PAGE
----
Hamilton: Rich play while the poor pay

By Arnold Hamilton

The day of reckoning hath arrived.

The Legislature’s self-proclaimed fiscal conservatives may have little choice in the session’s final weeks but to declare a fiscal emergency in order to keep already starving state services on life support.

What does that mean? Dipping into the Republican majority’s sacrosanct Rainy Day Fund to soften a $611 million budget hole of their own making.

Sadly – no, frustratingly – the legislative majority repeatedly failed to heed a simple economic principle: When you’re in a hole, quit digging.

For much of the last decade, lawmakers treated the state budget like a game of Monopoly, rolling the dice that soaring oil prices would indefinitely mask the impact of politically pleasing income tax cuts.

When the national economy soured, they relied on short-term federal stimulus spending to keep the Good Ship Oklahoma afloat – and kept cutting taxes.

Now, with the latest energy boom over and federal stimulus dollars dried up, the long-term damage to Oklahoma’s budget infrastructure is painfully clear: Vital state services are in peril – from public schools to corrections to roads.

And yet, lawmakers keep digging.

Just this week, the House voted to extend the state’s Quality Jobs Act to chicken egg producers, potentially giving away more tax dollars in dubious corporate welfare.

Legislative leaders also remain resistant to delaying or canceling the 0.25-percent income tax cut scheduled to kick in next fiscal year, costing the state treasury more than $200 million in FYs 2016 and 2017.

Moreover, they refuse to consider expanding Medicaid for Oklahoma’s working poor because it’s a federal program – and the GOP’s Tea Party base loathes the federal government, except when they don’t.

Recall the signs at Tea Party protests a few years ago: “Get the government’s hands off my Medicare.” Would someone who can speak slowly enough explain to them Medicare is a federal program?

Gov. Mary Fallin’s own study, produced by the Leavitt Group, projected the state would save $450 million in health care costs over a decade by expanding Medicaid – 100 percent federally financed in the first years and 90 percent thereafter.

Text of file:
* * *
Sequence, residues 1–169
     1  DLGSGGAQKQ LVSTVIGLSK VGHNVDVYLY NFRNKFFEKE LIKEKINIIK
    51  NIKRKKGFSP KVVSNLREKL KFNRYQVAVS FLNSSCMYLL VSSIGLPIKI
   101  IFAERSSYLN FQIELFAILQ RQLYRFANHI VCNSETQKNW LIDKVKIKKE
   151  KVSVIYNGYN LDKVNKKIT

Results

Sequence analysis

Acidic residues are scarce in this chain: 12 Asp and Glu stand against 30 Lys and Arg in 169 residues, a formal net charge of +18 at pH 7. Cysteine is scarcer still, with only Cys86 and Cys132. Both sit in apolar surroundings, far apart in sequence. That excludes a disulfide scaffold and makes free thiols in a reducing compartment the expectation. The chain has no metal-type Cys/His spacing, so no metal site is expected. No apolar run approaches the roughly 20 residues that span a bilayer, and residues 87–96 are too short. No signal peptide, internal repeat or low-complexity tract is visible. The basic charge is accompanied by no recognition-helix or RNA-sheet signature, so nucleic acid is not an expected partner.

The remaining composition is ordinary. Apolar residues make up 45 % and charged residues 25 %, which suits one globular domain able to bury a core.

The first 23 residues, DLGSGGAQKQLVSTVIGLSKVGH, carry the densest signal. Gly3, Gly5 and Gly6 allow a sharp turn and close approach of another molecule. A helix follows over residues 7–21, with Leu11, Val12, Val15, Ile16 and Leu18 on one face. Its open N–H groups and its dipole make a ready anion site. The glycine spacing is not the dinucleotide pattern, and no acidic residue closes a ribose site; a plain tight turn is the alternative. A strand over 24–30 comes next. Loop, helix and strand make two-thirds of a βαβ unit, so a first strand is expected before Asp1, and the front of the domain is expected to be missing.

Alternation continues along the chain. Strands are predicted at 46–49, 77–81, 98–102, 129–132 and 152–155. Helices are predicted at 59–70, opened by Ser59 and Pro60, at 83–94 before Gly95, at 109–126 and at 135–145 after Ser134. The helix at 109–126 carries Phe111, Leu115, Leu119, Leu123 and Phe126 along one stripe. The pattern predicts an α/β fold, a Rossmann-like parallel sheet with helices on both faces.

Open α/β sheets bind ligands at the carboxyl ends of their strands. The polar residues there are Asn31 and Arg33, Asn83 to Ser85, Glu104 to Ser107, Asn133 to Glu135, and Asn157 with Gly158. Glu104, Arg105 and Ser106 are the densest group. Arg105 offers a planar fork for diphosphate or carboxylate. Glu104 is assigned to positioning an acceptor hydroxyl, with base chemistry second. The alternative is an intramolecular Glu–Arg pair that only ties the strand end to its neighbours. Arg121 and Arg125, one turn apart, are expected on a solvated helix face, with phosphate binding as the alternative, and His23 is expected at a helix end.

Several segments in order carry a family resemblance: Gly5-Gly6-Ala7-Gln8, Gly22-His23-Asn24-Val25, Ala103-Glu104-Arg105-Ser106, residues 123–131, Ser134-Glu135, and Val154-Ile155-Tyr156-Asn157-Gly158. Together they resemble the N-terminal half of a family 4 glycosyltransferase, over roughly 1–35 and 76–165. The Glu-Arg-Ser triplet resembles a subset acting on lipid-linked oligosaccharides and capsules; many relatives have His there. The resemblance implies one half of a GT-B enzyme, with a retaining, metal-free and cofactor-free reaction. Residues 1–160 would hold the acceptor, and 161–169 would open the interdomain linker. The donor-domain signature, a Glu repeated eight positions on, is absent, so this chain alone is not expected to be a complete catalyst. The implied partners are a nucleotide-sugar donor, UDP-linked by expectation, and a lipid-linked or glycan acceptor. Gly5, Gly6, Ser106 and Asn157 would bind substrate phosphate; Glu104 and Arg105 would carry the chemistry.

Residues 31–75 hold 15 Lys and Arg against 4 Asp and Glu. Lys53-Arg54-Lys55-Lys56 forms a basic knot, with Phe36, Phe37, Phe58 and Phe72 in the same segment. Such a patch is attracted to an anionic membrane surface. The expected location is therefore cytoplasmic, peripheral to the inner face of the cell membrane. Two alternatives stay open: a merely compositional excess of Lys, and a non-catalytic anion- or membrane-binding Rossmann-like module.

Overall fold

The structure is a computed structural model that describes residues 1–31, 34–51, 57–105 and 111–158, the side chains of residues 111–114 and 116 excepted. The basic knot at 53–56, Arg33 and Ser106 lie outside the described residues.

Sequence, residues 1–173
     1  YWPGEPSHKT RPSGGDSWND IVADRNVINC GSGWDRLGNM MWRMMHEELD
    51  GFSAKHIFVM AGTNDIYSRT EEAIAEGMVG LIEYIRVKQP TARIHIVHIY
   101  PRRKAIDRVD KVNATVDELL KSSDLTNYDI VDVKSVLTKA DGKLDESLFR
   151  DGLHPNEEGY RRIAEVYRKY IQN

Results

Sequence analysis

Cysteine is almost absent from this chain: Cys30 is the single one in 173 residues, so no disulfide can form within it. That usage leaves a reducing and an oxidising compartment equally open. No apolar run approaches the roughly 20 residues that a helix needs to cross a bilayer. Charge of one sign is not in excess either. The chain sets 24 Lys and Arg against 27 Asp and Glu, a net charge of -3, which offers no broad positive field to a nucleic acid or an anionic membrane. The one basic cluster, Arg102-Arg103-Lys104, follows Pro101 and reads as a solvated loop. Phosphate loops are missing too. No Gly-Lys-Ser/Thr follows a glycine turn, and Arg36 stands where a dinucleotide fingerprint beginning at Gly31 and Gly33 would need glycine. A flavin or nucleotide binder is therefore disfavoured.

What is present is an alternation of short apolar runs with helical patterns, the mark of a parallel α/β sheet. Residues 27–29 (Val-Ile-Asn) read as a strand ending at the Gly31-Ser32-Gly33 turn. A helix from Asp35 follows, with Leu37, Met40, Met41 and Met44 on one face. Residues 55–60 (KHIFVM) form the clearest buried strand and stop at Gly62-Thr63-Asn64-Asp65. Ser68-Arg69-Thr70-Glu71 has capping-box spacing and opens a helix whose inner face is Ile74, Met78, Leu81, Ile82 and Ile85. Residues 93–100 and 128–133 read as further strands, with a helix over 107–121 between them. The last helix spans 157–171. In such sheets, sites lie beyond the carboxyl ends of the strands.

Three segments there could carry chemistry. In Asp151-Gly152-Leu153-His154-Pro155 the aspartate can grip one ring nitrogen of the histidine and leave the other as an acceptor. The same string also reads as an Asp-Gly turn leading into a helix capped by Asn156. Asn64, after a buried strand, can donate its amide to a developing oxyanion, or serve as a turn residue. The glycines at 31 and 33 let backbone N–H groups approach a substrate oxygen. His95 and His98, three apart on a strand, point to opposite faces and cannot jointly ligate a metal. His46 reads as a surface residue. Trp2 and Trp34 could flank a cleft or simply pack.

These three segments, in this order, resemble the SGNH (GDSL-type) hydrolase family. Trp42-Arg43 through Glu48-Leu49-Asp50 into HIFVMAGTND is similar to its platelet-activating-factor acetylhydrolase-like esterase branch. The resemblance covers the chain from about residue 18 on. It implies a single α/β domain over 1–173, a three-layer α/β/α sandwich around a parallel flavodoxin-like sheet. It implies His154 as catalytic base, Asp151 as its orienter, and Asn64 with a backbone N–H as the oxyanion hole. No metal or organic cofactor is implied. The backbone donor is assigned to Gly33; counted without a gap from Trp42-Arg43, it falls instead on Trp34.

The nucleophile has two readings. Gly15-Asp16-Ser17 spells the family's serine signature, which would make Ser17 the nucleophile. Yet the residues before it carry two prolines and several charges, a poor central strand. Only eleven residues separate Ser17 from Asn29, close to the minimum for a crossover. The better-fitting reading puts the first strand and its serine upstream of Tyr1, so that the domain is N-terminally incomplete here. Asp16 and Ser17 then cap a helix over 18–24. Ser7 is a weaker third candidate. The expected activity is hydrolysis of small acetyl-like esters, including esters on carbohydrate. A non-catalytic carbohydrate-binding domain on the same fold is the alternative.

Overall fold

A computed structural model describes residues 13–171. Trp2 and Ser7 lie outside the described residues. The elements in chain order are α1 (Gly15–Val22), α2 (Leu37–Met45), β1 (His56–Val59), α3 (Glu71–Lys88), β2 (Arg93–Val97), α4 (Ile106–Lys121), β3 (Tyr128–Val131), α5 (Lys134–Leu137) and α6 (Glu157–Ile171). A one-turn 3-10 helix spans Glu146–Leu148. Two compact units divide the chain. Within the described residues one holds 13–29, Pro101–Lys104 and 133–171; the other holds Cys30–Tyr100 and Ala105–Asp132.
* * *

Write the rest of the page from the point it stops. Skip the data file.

The shrink-government crowd, of course, bays incessantly that state budgets are larger now than six years ago. It’s a basic tenet of the discredited supply-side economics crowd that tax cuts generate more tax revenue.

Here are the facts: When adjusted for inflation, this year’s budget is $680 million smaller (smaller!) than six years ago, according to the Oklahoma Policy Institute.

These three points – expanding business tax incentives, cutting income tax cuts and rejecting Medicaid expansion – tell you everything you need to know about who’s in charge at NE 23rd and Lincoln.

Who benefits most from tax breaks? The state’s largest corporations. From tax cuts? The state’s wealthiest residents. From Medicaid expansion? The state’s working poor and rural hospitals, buckling under the mounting costs of uncompensated care.

There is no doubt who carries the biggest megaphone at the Capitol – it’s the state’s wealthy business execs who are among the biggest campaign donors to lawmakers setting public policy.

The working class gets the scraps. This year’s income tax cut? According to the Oklahoma Policy Institute, the median household will realize $31, while two-fifths of Oklahomans won’t see anything.

Given that 87 percent of Oklahomans responding to a recent survey want teacher pay increased – it’s $3,200 below the regional average – you can bet most would just as soon the state keep the $31 and do something for common good.

In fact, I bet they’d prefer skipping the tax cut to raiding the state’s Rainy Day Fund. After all, with sluggish energy prices, the worst may be yet to come for Oklahoma’s budget.



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